Trial consulting gained attention in 1971, when “scientific jury selection” was employed by a group of social scientists in the defense of the Harrisburg Seven, a group of war protesters who faced conspiracy and kidnapping charges. Since that time, the field has grown considerably in terms of both the number of professionals in the field and the range of services offered. The educational and professional backgrounds of trial consultants vary, but doctoral-level psychologists make up the largest percentage of consultants. There are arguably no limits to the types of services that trial consultant can provide, but the most common include community attitude surveys, jury selection, witness preparation, focus group studies, mock trials (also referred to as trial simulation studies), demonstrative exhibit preparation and evaluation, content analysis of media for purposes of change of venue or change of venire motions, shadow juries, and post-trial juror interviews.
Consultant Backgrounds and Qualifications
The trial-consulting industry is unregulated, and there are no educational, training, or experiential qualifications required to identify oneself as a trial consultant, jury consultant, litigation consultant, or any other associated title. The American Society of Trial Consultants (ASTC) states that its members come from the fields of communication, psychology, sociology, theater, marketing, linguistics, political science, and law. Although there are no state or national licensing requirements, the ASTC Professional Code states, “The trial consultant fully discloses academic qualification and consulting experience to potential clients, specifies the services provided, and identifies the objectives of each consultation.”
Trial Consultants Versus Experts
Trial consultants are typically retained by the attorney(s) representing one party in a case to assist with one or more aspects of trial strategy. Trial consultants differ from experts generally in the type of assistance they provide, although there can be similarities in the research methods they employ and overlap in the information or assistance they provide to attorneys. Whereas experts are hired because of their specialized knowledge of a particular field or subject relevant to a case (e.g., fire analysis, medical disease, accounting methods) and it is anticipated that they may testify at trial, trial consultants are generally hired to provide services that will assist the trial team with the assessment and development of case presentation and trial strategies, and it is typically not expected that they will testify at trial.
A wide range of services designed to address pretrial, trial, and post-trial issues are provided by trial consultants.
Jury selection was one of the first services provided by trial consultants when “scientific jury selection” was employed in the defense of the Harrisburg Seven in 1971, and over the years, there has been considerable debate over the purpose, effectiveness, and ethics of trial consultants assisting with jury selection. Generally, jury selection involves attempts to identify jurors who are sympathetic or unsympathetic toward a particular party in the litigation. These attempts may be based on intuitive assessments of potential jurors during voir dire or on research-based “juror profiles” that identify demographic and attitudinal factors associated with favorable or unfavorable attitudes toward one or more of the parties and that are developed prior to the trial. Sources of information about potential jurors include juror questionnaires administered by the court in connection with jury pool maintenance and provided to the attorneys shortly before the trial, community attitude surveys, supplemental juror questionnaires, and the observation of potential jurors during voir dire (which can provide information on their verbal and nonverbal behavior).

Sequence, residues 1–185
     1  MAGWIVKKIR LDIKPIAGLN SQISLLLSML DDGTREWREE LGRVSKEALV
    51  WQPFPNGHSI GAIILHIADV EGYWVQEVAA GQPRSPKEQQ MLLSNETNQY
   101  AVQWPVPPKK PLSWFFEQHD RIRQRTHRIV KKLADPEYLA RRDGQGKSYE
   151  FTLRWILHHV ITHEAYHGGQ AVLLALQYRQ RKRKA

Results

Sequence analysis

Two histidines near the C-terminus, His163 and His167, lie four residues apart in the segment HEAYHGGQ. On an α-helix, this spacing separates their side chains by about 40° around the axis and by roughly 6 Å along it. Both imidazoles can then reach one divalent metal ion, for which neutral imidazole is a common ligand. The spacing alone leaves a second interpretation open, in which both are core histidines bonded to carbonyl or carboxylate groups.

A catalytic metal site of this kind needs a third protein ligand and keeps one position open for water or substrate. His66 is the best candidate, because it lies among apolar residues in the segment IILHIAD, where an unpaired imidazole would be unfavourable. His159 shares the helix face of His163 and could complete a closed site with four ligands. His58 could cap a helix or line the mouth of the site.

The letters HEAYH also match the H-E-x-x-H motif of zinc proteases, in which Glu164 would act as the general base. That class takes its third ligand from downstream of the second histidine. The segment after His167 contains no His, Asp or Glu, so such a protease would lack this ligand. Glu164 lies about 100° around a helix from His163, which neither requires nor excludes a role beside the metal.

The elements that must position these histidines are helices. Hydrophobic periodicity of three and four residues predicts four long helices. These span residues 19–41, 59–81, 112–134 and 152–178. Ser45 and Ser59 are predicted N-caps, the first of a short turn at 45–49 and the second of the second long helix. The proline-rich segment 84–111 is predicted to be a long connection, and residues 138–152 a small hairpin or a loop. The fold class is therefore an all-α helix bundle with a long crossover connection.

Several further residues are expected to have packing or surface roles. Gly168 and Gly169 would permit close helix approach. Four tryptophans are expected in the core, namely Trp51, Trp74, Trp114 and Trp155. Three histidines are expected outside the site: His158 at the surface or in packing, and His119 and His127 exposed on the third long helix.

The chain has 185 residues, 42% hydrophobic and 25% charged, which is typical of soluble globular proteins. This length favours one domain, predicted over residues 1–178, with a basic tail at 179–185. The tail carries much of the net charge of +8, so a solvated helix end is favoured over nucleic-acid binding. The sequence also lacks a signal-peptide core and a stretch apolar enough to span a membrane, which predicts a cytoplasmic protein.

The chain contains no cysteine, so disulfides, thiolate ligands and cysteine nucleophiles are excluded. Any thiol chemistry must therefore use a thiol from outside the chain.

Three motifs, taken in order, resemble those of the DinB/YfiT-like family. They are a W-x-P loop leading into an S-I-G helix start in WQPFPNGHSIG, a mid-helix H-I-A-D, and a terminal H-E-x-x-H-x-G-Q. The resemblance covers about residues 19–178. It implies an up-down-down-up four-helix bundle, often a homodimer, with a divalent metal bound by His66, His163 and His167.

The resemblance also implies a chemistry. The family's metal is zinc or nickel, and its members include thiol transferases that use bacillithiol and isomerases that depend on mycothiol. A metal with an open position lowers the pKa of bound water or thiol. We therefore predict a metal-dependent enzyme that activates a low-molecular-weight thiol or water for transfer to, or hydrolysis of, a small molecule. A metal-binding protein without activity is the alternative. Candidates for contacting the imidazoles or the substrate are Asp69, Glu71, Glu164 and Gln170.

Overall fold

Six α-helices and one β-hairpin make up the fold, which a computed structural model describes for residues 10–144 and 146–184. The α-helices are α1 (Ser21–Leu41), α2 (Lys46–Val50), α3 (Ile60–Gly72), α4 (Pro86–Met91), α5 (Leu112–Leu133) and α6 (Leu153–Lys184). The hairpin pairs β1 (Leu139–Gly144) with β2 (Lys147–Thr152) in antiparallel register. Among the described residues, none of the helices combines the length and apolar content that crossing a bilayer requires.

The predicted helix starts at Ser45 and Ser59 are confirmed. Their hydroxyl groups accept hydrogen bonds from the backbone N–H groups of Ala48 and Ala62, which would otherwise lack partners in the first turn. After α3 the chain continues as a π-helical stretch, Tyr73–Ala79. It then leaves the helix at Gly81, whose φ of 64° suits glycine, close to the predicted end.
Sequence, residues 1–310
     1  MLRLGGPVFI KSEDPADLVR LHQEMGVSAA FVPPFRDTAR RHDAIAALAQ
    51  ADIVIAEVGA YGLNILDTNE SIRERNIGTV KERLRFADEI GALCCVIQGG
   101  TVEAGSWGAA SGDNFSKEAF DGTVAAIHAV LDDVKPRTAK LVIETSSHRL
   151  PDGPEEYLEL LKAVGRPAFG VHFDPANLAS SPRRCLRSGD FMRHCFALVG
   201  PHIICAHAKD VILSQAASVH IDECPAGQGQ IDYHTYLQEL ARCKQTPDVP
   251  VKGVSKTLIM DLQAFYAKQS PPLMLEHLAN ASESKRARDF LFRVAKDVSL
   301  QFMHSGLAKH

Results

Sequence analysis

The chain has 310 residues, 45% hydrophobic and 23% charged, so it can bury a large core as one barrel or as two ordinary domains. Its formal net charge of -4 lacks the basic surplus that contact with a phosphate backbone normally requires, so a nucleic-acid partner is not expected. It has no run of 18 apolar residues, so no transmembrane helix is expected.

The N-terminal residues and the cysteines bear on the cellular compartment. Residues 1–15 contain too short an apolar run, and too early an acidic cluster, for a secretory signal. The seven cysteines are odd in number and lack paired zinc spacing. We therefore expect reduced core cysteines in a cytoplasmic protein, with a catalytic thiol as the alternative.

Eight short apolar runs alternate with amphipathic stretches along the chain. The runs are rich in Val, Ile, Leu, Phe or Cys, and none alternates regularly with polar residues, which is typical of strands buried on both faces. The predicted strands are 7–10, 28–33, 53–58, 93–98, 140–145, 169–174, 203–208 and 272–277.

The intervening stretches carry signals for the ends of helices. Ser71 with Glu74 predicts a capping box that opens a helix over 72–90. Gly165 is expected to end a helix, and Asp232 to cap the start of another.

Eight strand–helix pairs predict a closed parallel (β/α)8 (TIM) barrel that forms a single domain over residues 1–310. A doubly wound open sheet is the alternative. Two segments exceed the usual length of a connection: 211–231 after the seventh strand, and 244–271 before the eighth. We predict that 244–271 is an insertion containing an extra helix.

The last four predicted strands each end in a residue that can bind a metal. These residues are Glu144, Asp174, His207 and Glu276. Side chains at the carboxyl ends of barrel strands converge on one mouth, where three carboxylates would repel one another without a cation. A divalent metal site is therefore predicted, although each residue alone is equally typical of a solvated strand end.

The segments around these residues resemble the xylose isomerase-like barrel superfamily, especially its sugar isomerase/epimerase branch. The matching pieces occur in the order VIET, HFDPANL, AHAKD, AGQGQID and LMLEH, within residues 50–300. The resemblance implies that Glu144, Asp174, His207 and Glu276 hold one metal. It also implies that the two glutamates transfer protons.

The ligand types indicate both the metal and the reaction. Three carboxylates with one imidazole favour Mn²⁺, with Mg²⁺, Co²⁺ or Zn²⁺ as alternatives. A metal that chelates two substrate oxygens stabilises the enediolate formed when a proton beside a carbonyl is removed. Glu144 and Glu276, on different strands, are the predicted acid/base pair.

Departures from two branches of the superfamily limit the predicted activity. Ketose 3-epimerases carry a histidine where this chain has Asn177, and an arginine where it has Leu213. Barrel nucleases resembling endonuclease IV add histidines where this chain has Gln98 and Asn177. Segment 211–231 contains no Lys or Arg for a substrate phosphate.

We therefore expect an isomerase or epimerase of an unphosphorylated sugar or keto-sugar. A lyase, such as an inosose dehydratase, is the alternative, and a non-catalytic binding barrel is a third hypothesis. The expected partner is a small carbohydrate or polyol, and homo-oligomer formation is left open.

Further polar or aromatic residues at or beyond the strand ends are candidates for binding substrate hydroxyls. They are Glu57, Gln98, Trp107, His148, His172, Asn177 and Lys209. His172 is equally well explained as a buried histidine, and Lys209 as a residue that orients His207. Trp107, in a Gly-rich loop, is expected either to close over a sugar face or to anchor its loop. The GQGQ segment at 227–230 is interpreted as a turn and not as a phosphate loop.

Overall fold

Among jurists as well as social scientists, there is substantial variability in the weight afforded to jury selection and beliefs about the influence of individual jurors and jury composition on final verdicts. Empirical examinations have found that juror demographic and attitudinal factors account for a relatively small amount of variance in final verdicts (somewhere between 5% and 15%). However, it can be argued theoretically as well as statistically that in cases where the strength of evidence on opposing sides is evenly balanced and the litigation stakes are perceived to be high, even a slight advantage afforded by means of juror profiles or other empirically derived diagnostic information employed during jury selection can be helpful.
The methodological shortcomings of much of the early research on jury selection have been pointed to as possible explanations for the relatively weak relationships that have been found between juror demographic and attitudinal characteristics and final juror verdicts. Jury selection research that has assessed juror attitudes specific to the characteristics of a particular case has found stronger relationships between juror attitudes and final verdicts.